Don’t be a garden, feast your mince on this slice!*

How fluent is your Cockney rhyming slang? If you translated the above with ease, you’d have fit in well with the babbling brook (crook) community of the East End.

It’s widely believed that the lingo developed as a way for ne’er-do-wells to talk about their latest uncle (uncle bob – job) without alerting any nearby bottles and stoppers (coppers) or grasshoppers (grass – informant).

Start exploring family's criminal past with a trial membership

The usage became so wide at one point that the Sweeney (Sweeney Todd – Flying Squad, and yes, that is where that name comes from for the TV Show) of the Met Police were issuing booklets of rhyming slang to their officers to make them aware of what was being said. Otherwise the slang would just be meaningless box of toys to the passing bottle stopper, and they’d feel a right lump of school.

A Criminal Legacy

Our Crime and Punishment collection dates from 1770 to 1934, so Cockney rhyming slang would certainly have been known to many of your ancestors in the records. The papers of the time were aware of it, and published a few articles about it. One from 1950 shows that the Cockney rhyming slang was seen as the preserve of criminals seeking to avoid detection even in living memory.

Feeling canny? Try our Cockney rhyming slang quiz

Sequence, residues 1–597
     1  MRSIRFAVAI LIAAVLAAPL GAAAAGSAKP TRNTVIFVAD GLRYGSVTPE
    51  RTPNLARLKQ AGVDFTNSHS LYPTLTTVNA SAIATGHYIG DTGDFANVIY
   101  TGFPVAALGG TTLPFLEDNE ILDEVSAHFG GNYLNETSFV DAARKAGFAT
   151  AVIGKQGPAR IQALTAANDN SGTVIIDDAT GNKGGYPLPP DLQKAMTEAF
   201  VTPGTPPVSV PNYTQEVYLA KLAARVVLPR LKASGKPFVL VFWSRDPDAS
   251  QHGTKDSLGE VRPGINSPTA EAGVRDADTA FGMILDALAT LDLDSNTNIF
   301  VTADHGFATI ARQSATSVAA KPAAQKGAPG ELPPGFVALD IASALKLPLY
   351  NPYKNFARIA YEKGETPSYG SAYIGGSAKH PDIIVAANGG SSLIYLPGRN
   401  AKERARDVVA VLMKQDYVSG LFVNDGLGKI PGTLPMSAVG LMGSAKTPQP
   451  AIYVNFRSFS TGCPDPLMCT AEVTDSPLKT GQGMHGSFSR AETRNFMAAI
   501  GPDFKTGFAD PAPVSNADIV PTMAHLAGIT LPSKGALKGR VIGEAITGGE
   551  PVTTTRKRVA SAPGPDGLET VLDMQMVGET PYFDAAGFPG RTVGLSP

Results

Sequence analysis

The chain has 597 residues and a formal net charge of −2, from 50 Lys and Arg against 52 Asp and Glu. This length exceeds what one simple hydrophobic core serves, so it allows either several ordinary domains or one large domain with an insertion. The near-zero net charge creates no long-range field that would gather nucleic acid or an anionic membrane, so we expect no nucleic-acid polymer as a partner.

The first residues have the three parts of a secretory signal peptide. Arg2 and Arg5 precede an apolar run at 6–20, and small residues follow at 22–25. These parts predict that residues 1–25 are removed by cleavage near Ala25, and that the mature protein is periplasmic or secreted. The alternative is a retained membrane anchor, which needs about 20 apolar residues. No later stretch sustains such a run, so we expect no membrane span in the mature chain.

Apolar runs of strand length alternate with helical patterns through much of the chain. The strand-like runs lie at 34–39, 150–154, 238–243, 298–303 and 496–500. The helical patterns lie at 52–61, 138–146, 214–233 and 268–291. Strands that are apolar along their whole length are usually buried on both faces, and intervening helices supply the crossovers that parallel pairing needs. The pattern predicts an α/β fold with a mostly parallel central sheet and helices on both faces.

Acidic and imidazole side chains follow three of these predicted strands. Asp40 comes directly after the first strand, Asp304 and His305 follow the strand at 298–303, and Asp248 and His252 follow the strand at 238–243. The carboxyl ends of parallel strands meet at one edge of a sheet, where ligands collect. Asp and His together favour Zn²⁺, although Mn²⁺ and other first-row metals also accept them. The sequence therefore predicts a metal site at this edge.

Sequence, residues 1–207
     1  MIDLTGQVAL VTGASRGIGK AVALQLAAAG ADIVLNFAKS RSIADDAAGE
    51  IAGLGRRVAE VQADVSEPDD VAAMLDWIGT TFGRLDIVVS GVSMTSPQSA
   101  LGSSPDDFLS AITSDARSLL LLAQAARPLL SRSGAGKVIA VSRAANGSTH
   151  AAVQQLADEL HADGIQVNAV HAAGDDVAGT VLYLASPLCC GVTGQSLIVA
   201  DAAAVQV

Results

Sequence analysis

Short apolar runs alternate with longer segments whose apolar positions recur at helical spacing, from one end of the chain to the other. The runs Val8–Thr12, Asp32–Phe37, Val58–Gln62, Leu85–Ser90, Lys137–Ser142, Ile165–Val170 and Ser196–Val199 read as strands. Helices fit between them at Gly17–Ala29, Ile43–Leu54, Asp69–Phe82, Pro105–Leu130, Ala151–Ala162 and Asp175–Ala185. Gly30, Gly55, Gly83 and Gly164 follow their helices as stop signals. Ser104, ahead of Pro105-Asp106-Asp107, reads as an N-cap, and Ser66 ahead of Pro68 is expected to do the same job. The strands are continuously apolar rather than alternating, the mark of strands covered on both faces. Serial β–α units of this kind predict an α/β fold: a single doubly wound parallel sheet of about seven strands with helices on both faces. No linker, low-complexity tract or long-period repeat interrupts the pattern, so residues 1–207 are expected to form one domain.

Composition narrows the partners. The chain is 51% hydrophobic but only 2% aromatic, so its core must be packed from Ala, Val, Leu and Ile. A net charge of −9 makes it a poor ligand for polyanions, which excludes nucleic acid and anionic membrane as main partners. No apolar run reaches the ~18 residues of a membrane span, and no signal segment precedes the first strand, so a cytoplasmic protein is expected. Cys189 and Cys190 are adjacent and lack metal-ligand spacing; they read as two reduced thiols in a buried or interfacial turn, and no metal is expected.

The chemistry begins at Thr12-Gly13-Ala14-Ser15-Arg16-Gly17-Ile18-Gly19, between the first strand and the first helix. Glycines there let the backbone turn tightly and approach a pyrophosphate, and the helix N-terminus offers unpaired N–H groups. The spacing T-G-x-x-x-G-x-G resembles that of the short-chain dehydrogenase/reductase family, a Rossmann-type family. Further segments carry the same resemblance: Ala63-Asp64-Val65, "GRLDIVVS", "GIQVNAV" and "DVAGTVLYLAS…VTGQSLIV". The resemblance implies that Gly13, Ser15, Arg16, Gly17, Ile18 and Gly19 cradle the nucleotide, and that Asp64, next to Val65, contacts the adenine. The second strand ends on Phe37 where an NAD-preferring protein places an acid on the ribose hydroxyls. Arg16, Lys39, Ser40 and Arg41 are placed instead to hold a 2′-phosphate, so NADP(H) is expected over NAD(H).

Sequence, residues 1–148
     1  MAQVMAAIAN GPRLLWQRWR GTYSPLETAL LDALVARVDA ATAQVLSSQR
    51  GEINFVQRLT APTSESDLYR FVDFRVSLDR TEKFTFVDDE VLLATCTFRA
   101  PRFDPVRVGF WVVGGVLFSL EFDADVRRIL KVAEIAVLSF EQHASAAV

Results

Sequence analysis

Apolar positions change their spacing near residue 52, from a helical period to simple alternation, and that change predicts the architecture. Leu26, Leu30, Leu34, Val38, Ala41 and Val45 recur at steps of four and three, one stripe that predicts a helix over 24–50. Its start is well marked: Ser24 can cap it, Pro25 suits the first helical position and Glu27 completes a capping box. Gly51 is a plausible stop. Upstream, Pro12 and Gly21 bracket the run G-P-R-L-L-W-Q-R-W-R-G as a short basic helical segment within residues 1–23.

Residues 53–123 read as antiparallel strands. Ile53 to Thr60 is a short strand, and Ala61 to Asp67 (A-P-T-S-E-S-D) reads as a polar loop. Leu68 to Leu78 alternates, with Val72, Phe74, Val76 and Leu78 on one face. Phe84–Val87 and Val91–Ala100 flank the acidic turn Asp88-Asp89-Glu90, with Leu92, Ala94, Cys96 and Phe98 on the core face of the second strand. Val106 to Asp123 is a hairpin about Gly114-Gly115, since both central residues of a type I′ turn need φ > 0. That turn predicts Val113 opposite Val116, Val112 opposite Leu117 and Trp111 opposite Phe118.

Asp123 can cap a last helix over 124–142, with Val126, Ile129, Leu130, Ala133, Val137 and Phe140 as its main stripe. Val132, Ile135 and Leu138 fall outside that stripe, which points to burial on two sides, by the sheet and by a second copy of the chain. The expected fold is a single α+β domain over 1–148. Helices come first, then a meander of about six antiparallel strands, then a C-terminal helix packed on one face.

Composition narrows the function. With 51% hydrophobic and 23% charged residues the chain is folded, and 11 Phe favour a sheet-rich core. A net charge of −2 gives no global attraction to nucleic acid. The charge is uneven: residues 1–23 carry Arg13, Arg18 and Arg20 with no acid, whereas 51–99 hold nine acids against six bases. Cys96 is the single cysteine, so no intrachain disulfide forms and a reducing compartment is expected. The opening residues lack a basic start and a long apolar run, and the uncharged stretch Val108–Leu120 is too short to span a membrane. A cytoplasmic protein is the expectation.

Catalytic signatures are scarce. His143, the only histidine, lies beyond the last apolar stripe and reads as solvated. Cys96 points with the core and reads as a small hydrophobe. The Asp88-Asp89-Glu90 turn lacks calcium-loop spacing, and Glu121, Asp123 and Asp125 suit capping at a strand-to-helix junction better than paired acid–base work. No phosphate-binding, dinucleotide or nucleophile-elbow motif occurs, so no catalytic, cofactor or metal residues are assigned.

There’s also the wonderful and lesser known London back slang, in which words were literally said backwards in order to confuse listening Slops – Pols – Police. One such occurrence is recorded in the Dundee Evening Telegraph of 22nd January 1902 of a teacher working out the secret language of his students. Another article from 1890 spells this out a little more for its readers as how it’s constructed and used.

Of course, not all use of the slang was in use by brooks. A lot of it was simply part of daily life for residents of East London. There are new phrases being added into the lexicon all the time, although these are not always well received. Purists of the slang have taken to referring to it as ‘mockney’ rather than true ‘cockney’, although additions to the slang are nothing new, as this article from 1914 demonstrates:

So, the next time you’re having a cheeky tiddly wink in the near and far, why not try out some of your Cockney rhyming slang on your Chinas.

 

Cockney Rhyming slang: A Glossary

“Apples and pears” – stairs

"Barnet Fair" - hair

“Bees and honey” – money

“Boat Race” – Face

“Bottle and stopper” – copper

“Box of toys” – noise

"Butcher's Hook" - look

“Brown bread” - dead

“China” – china plate – mate

“Coals and coke” – broke

“Cut and carried” – married

“Didn’t ought” – port

“Elephant’s trunk” – Drunk

“Ham and Cheesy” - Easy

“Gay and hearty” – party

“Giraffe” – Laugh

“Mince” – mince pies - eyes

“Near and far” – bar

“On the floor” – poor

“Oily rag” – fag – cigarette

“Philharmonic” - Gin and Tonic

“River Nile” – Denial

“Scarper” - Go

“Short of a Sheet” – in the street

“Tiddly wink” -drink

“True til death” – breath

“Yet to be” – free

*Don’t be a fool, feast your eyes on this post